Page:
one circularity

Increasing the circularity of packaging - can resetting how recycling rates are calculated help?

EPR schemes have the power to advance the circular economy, but they need to be designed properly. TOMRA has established five design principles of high-performing EPR schemes. This series will take a deep dive into each of those principles. First up: Circularity. 

For decades, it was common practice to estimate packaging recycling rates based on the volumes or weights sent to material recovery facilities (MRFs), rather than the amount of that material that could actually be recycled. This method made it seem as though efforts to increase recycling were on the rise, but the truth is that only a small fraction of packaging materials are actually reprocessed into new products of similar quality. Could this approach do more harm than good by perpetuating myths about recycling?
Recyclability depends largely on local circumstances, including the infrastructure that exists for collecting, sorting, and recycling waste. To improve recycling rates, packaging should follow general design-for-recycling (DfR) guidelines. Even when the packaging elements are fully recyclable, the composition of waste can make it difficult to be effectively sorted at MRFs. Therefore, decisions made in the design stage of packaging play a critical role in determining its potential to be recovered and returned to the supply chain, ultimately replacing virgin materials. While there is not yet one global standard, several free resources for designers have emerged in different regions. For example, The Association of Plastic Recyclers Design Guide Overview and the Ellen MacArthur Foundation and IDEO partnered Circular Design Guide.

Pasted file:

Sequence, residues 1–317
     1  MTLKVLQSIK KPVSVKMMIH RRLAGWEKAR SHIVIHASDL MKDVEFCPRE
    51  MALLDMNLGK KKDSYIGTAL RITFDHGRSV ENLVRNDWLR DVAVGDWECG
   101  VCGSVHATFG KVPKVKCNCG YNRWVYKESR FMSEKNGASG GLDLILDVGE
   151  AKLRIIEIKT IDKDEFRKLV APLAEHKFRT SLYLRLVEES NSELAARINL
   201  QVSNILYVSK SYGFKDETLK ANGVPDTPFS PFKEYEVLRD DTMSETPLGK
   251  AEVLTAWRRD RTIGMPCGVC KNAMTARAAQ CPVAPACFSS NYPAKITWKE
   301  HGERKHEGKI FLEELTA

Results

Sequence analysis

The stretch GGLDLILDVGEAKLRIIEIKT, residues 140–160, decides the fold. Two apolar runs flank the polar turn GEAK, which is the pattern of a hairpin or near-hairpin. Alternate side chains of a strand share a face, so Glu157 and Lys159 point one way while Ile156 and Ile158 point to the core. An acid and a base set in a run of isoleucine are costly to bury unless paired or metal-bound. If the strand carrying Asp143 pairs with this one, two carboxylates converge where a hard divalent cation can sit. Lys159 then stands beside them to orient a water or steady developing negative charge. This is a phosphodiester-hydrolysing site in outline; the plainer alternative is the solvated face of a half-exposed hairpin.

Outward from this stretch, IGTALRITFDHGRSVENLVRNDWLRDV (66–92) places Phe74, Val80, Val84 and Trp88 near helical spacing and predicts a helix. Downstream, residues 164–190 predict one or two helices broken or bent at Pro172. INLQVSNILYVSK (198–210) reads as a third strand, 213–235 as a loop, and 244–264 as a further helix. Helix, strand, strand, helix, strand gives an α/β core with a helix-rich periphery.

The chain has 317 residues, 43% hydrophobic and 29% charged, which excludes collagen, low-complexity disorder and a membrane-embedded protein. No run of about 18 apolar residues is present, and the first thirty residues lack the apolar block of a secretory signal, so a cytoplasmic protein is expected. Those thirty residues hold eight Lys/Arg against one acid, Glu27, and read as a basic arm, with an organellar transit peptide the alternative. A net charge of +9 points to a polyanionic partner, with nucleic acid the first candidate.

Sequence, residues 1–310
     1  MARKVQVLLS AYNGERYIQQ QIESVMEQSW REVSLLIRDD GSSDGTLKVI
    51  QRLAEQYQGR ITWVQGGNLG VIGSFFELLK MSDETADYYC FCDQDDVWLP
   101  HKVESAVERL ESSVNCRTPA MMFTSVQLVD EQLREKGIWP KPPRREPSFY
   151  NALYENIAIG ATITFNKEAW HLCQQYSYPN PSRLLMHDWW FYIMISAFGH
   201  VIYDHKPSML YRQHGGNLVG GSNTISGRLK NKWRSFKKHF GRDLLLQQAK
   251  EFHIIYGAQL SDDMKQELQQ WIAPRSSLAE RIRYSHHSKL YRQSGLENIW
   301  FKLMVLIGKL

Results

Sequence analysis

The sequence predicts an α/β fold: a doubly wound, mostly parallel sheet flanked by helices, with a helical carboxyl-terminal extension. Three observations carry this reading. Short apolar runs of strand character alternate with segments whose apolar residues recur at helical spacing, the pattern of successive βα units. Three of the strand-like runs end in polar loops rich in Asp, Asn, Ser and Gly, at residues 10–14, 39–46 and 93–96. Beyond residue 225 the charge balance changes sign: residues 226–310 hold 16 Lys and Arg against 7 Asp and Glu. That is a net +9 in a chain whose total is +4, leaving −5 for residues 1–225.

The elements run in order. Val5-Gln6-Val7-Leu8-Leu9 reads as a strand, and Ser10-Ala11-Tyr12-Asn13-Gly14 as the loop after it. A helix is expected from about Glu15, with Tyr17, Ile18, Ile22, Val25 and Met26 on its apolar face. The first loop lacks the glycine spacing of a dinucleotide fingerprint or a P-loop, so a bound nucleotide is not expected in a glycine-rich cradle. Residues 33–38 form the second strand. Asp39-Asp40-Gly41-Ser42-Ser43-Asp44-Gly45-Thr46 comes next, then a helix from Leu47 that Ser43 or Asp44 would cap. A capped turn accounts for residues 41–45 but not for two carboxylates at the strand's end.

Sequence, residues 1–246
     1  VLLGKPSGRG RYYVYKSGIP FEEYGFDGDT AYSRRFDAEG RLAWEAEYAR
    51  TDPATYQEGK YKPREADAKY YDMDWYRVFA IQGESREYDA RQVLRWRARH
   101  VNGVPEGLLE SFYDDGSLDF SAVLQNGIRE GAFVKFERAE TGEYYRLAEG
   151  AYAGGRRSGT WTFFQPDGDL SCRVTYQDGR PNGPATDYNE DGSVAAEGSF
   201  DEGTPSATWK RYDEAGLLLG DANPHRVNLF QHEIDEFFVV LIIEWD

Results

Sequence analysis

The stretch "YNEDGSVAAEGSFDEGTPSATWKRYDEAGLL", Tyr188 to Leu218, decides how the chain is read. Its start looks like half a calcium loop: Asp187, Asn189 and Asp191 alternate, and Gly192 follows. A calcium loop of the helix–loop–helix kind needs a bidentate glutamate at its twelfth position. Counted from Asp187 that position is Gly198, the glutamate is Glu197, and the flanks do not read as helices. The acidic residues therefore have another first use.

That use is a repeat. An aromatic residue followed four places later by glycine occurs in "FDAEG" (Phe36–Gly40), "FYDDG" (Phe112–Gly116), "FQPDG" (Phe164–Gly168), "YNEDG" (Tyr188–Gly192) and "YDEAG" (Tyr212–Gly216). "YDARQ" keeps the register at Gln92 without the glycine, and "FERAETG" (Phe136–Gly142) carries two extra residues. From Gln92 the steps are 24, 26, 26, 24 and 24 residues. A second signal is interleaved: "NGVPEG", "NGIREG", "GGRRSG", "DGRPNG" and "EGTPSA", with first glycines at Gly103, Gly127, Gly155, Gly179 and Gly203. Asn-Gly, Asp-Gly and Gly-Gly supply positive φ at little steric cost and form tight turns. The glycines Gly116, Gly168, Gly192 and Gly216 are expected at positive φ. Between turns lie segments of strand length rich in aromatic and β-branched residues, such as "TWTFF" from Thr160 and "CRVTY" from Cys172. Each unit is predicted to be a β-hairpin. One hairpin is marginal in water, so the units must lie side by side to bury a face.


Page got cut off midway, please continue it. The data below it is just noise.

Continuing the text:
Even in countries that are leaders in their recycling efforts, a significant percentage of packaging materials are disposed of through incineration (with or without energy recovery) or landfill because the packaging wasn’t designed for recovery. As packaging has become more technical, it often results in multiple materials or layers, adding complexity to the recycling process. Plastic yogurt cups with removable paper sleeves and aluminum foil seals, for example, are not always separated by consumers before they are placed in the recycling bin.
Globally, circularity for packaging still has a long way to go. A new report by The Last Beach Cleanup revealed that plastic recycling rates in the United States have fallen from 8.7% to close to 5% over the last four years. While the recycling rates in the United States are largely stagnant, some countries are progressing more quickly. The European Union’s ambitious Single-Use Plastic Directive (SUPD) targets are driving change throughout the system – reducing waste and increasing circularity with well-designed policies that lead to high-performing Extended Producer Responsibility (EPR) schemes for packaging.

Extended Producer Responsibility (EPR): Vital for packaging circularity

Effective EPR policy supports the establishment of systems that prioritize a resource hierarchy, incentivize eco-design, and utilize reliable measurement protocols. It creates a framework that reduces reliance on virgin materials by emphasizing resource efficiency and quality.

The waste hierarchy is an internationally accepted standard that aims to keep materials at their highest and best use by establishing an order of waste management options from most to least preferred based on the ecological and social impact. TOMRA’s resource hierarchy expanded on this concept to prioritize methods that employ the least carbon-intensive processes and differentiate between open-loop and closed-loop recycling. To ensure materials are continually turned back into new products of the same or similar application, closed-loop recycling systems (e.g., bottle-to-bottle) offer the most sustainable opportunity for increasing circularity beyond reuse.